Meet Riley, she is 2-years-old and Currently in remission From Stage 4 Brain Cancer

Meet Riley, she is 2-years-old and currently in remission from stage 4 brain cancer.

My name is Kelly! I have been a Registered Nurse for 8 years. My time spent working in critical care settings has fostered my passion for patient advocacy and helping families achieve the best possible care.  Last year my family’s lives changed forever when my 10-month-old daughter, Riley, was diagnosed with cancer. Riley was experiencing intermittent vomiting, which was originally misdiagnosed as a stomach virus.

Less than a week later, Riley became very lethargic and began to lose consciousness. After I called an ambulance, we were rushed to the nearest emergency room and a CT scan revealed a large mass in her brain, which was causing a brain bleed. It was determined that she needed emergency brain surgery immediately. We were transported to another facility and for the next several hours my daughter endured a lifesaving brain surgery. A couple days later we heard those dreaded words “Your child has cancer”. The mass in her brain was a Glioblastoma, Stage 4 brain cancer. Within days, Riley had to endure a 2nd surgery to remove the remaining portion of the tumor. Though our wonderful neurosurgeon was able to remove the entire tumor, we were given a very poor prognosis. We were told that Riley would not survive longer than a year or two because of the aggressive nature of this cancer.

As a mom, and a nurse, I began doing research. I learned that Glioblastoma’s are often misunderstood in infants. I gathered 2nd and 3rd opinions from lead Neuro-oncologists around the country. Ultimately, my family ended up temporarily relocating halfway across the country to seek out Riley’s best treatment option. My daughter underwent a total of three brain surgeries and a very intensive chemotherapy regimen. I am happy to say my little warrior currently shows “No Evidence of Disease”. She is happy, thriving and hitting all her milestones. In fact, we recently celebrated her 2nd birthday. My family could not be more grateful to have her here with us today.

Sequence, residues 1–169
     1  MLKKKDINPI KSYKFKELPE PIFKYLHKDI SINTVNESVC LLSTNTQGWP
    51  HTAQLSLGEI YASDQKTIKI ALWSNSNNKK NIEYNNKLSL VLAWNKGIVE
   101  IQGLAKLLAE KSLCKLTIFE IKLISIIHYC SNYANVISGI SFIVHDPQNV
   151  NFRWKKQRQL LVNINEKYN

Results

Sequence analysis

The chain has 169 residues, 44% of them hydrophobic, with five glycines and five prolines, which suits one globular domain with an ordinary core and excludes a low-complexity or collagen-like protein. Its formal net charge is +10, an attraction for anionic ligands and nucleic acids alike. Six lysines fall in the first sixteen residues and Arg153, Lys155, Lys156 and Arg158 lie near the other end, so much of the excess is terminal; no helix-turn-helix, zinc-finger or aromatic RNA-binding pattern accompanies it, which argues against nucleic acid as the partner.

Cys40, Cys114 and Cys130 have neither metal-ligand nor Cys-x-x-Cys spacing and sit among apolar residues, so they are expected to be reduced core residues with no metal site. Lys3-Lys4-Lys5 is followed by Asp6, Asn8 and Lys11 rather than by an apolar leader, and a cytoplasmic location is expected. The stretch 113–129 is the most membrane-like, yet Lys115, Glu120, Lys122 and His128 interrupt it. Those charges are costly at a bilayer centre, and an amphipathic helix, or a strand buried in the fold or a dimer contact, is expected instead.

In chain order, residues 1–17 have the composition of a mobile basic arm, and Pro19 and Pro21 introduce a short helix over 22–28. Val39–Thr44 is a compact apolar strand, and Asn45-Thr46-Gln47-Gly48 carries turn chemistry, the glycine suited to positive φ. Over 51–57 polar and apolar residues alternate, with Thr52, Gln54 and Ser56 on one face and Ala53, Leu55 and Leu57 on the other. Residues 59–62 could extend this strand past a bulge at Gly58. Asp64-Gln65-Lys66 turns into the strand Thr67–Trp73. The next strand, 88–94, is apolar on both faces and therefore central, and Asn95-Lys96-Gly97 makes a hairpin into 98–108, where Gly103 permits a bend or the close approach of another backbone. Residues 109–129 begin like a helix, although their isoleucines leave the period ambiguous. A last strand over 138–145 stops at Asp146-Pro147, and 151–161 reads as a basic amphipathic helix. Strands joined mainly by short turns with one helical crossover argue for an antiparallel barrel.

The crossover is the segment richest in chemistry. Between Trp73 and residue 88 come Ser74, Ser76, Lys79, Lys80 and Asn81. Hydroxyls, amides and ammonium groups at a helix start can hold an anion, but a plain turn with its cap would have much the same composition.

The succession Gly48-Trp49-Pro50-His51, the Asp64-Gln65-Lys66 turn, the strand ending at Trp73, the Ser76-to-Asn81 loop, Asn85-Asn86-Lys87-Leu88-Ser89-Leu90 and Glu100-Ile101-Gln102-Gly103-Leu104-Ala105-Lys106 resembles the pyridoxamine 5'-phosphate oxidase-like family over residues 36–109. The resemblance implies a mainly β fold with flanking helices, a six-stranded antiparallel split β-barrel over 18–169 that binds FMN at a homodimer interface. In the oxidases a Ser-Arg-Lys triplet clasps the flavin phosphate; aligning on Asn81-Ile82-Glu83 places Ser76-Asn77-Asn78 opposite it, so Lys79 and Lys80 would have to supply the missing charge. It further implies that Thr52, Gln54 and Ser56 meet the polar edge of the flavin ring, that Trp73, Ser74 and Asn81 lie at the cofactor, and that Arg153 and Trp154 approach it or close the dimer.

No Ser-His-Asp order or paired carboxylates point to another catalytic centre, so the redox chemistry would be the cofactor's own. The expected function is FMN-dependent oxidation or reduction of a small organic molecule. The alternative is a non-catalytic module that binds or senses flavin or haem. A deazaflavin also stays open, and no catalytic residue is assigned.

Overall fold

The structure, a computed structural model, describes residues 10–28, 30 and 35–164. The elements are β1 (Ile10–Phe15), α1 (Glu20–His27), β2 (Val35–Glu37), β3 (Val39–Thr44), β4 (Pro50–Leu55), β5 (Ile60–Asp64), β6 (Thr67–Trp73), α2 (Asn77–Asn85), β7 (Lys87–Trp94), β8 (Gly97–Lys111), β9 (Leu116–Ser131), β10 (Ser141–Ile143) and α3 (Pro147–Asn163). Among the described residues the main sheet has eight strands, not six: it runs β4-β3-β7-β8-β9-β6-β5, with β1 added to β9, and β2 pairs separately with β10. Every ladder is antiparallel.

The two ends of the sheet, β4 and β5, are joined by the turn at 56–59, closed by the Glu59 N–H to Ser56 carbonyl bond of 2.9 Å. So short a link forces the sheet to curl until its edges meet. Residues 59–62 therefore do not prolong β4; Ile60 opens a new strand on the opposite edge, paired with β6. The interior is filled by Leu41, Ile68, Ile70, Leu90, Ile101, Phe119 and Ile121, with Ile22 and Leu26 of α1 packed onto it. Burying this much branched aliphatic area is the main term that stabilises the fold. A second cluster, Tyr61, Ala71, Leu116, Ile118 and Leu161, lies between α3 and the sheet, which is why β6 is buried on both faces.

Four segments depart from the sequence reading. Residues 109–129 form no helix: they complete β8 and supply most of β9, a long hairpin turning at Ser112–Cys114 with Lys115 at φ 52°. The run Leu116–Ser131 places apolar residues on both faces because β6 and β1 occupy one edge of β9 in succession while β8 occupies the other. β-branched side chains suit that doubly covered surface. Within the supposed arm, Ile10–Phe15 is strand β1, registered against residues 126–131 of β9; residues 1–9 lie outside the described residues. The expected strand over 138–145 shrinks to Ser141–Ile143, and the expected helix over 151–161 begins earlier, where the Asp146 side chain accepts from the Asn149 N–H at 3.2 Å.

While my daughter was in treatment, I made friends with several fellow cancer families near and far; some of which had similar stories to ours. I learned several families are often so overwhelmed with the amount of information thrown at them and no one to help them navigate it. I am fortunate that I have a medical background to fall back on, however, many families do not. I found myself answering basic medical questions and translating some of the medical terminology for other parents. I helped families formulate what questions they should be asking their care team and helped them research available resources. I determined that I wanted to help these families on a larger scale.  

In working with the National Pediatric Cancer Foundation, I now have the opportunity to help several childhood cancer families on a daily basis. This week, I helped a family understand their child’s diagnosis. I helped connect a family with a very rare brain tumor to a survivor who had the same rare tumor. I helped a mom find a therapist who was willing to talk via zoom, because her child is currently in isolation. I helped a family navigate a problem with their care by encouraging them to advocate/speak up, while guiding them with what questions they should be asking. I am not here to give medical advice, but rather consult fellow cancer families & guide them with this daunting journey.  

In addition to consulting pediatric cancer families, I will be updating the NPCF toolkit. The toolkit is a notebook that contains a plethora of information, regarding all things related to pediatric cancer. A team of volunteers and I will be editing the toolkit yearly (since medical information is always evolving). I will also be developing a national mentorship program to help cancer families connect with other families who have been given the same or similar diagnosis. From my experience, I found the connection between cancer families to be very special. These connections can provide hope, as well as emotional support for families, because a pediatric cancer diagnosis affects the entire family. 

 I am very excited about my new role as Health Navigator with the National Pediatric Cancer Foundation. I am grateful for the opportunity to help fellow cancer families navigate this unexpected chapter of their life. 

Riley

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